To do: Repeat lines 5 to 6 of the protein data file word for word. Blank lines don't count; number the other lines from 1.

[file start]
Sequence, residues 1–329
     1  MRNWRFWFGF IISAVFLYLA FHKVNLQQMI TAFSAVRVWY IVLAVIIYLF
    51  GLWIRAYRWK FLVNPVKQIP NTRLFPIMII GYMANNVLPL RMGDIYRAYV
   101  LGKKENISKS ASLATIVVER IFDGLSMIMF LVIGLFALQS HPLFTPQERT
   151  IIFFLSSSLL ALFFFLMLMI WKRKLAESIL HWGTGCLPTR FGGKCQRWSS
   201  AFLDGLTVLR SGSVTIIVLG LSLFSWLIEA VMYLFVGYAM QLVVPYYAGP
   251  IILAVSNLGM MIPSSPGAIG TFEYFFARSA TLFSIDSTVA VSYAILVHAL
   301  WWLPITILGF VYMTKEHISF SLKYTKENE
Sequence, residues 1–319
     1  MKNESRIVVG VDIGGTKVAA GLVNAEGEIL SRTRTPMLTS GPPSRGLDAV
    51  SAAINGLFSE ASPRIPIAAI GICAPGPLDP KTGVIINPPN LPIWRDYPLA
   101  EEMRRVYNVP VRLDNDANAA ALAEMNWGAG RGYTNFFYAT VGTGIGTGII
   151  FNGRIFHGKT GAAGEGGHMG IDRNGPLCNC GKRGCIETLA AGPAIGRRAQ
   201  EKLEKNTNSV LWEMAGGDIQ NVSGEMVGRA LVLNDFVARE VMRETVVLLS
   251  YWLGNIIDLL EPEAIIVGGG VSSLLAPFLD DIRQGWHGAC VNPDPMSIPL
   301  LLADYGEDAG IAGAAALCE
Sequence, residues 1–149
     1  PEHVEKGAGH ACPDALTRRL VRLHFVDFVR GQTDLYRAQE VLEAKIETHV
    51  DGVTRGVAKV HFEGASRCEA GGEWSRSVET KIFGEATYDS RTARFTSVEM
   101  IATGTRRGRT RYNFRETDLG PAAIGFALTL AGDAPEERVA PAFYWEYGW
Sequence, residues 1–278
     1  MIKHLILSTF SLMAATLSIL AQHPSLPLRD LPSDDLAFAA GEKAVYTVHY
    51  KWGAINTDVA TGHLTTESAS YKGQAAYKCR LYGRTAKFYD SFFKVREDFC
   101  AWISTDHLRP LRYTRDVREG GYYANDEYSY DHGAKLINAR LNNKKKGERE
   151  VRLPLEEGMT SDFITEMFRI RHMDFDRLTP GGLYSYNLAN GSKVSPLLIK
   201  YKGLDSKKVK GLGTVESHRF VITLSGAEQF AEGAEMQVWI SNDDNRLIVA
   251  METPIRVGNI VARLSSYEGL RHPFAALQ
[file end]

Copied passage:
   151  IIFFLSSSLL ALFFFLMLMI WKRKLAESIL HWGTGCLPTR FGGKCQRWSS
   201  AFLDGLTVLR SGSVTIIVLG LSLFSWLIEA VMYLFVGYAM QLVVPYYAGP